A fine example of this very rare map which accompanied the finest colour plate book on the North American Indian ever printed entitled ‘Reise in das inner Nord-America …’ It is particularly rare is it accompanied the text volumes printed to accompany the fine aquatint plates more often found. It charts one of the more remarkable voyages of exploration undertaken within the present United States. Prince Maximilian of Wied-Neuwied (1782-1867) was a noted German explorer, ethnologist and naturalist. Joining the Prussian army in 1800 he fought through the Napoleonic Wars and left at the end in 1815. An early friend of Alexander Humboldt Maximilian led his own expedition to Brazil in 1815-17. In 1832 after hiring the Swiss artist Karl Bodmer he set out again this time to the waters of the Missouri River and the Plains. The region was little known at the time. They started out from St. Louis and travelled on the ‘Yellowstone’, an American Fur Company steamboat stopping at their various forts. Changing vessels along the way they continued Fort Union, Fort Clark and Fort Mackenzie. They observed the Assiniboin, Cree, Mandan, Minatare and Crow peoples. From here they returned south reaching St. Louis in May 1834.
Whilst Prince Maximilian returned to Germany to write his account Karl Bodmer travelled to Paris to prepare his famous aquatint plates from his collection of watercolours. Together their finished work would be considered one of the most sympathetic and accurate recordings of the Plains Indians issued just prior to their virtual extinction with a decade. This was ironically brought about by the very method used to document them in the first place. In ‘The Plains Indians’, the historian Paul H. Carlson states the smallpox outbreak was traced to contact between deckhands of the steamboats of the American Fur Company and the natives.
Wheat records that Prince Maximilian was given a map in 1833 by Major Benjamin O’Fallon who was the nephew of William Clark author of the map who along with Meriwether Lewis had crossed the region to reach the Pacific Ocean earlier in the century. O’Fallon had joined Clark in 1808 and was also present on Stephen Long’s expedition to the Rocky Mountains in 1819-20. By the time of Prince Maximilian expedition, he was one of the most experienced travellers in the region. No doubt the version he passed to the Prince would have been updated considerably since the Lewis and Clark expedition. The fact that the printed map includes the route of Long is clear indication of that. The Prince is said to have ‘completed it and removed its deficiencies’. Since the publication of Wheat further research has identified that the cartographer was Lt. Col. William Thorn who used as a base map Henry Tanner’s ‘Map of the United States of America’ published in 1837. The map includes large insets of the Missouri River lower left and one of the source of the Mississippi River ‘According to Schoolcraft’ lower right. The whole is finished with a dramatic title cartouche illustrating a buffalo hunting scene.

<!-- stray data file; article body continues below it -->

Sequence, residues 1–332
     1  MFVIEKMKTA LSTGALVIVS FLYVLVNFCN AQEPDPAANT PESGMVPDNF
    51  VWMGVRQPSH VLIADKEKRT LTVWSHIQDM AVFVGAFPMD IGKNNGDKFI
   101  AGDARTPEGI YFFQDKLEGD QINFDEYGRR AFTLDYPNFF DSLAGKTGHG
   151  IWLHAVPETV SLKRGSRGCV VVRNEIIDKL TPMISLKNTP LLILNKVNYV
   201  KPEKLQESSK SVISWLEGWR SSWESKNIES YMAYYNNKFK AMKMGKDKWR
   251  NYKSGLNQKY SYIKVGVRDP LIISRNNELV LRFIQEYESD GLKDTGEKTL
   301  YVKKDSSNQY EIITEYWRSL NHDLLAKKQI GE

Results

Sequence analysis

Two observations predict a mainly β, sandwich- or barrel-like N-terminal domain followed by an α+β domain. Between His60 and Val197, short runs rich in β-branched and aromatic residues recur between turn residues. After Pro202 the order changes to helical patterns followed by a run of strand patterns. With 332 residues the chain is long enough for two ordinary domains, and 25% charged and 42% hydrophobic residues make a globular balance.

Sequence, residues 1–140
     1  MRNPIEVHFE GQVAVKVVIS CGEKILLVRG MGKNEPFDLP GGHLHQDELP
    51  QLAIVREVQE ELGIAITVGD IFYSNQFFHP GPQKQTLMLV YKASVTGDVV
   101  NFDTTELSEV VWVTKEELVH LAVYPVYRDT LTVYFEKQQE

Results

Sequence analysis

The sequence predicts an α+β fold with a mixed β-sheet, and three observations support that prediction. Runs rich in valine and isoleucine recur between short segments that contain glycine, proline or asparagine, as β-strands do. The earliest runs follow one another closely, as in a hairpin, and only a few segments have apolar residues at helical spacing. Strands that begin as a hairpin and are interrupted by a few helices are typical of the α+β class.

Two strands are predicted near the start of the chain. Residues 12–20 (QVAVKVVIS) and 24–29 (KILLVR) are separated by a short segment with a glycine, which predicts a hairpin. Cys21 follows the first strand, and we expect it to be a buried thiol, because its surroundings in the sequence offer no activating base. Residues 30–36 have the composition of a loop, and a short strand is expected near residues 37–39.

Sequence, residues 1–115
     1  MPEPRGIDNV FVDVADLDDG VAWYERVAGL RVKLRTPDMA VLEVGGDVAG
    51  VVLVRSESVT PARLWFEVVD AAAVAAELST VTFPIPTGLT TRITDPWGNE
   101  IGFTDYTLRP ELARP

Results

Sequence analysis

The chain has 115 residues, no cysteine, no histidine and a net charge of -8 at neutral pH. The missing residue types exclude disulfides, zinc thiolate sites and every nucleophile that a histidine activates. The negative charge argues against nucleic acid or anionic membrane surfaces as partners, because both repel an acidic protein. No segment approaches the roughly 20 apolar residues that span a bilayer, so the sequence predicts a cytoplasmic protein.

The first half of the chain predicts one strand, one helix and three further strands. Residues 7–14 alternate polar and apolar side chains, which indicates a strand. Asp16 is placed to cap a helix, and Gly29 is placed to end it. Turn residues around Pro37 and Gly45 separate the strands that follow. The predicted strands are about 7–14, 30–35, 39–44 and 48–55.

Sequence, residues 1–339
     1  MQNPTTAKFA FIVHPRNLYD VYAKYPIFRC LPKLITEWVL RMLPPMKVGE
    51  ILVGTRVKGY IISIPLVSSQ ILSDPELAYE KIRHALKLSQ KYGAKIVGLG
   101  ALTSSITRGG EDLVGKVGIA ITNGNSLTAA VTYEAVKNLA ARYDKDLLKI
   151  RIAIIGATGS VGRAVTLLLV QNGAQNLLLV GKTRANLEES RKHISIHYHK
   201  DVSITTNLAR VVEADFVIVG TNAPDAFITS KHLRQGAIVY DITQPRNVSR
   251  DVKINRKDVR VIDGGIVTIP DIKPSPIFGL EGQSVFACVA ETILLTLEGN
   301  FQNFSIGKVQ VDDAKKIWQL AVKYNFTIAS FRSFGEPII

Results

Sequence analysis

Maximilian’s insisted that the text be published in a deluxe edition, which made publishers wary. The popularity of such works was waning. Maximilian persisted and in 1839 the first text and prints were ready for distribution to a disappointingly few subscribers. A French edition in 1840-42 and the English translation in 1843 were no more successful. Bodmer spent a total of eight years supervising a group of the best French and Swiss etchers to produce the aquatints. The original copper plate for the map was recently found amongst the original watercolours in the Joslyn Art Museum, Omaha, Nebraska. Provenance: private German collection; private English collection. Abbey Travel 615; Field 1036; Graff 4649; Howes M443a; Howgego (2004) ‘Encyclopedia of Exploration 1800 to 1850’ W30; Rumsey 3839; Sabin 47014; Wagner-Camp-Becker 76:1; Wheat ‘Transmississippi West’ II no. 445 pp. 49, 166-7.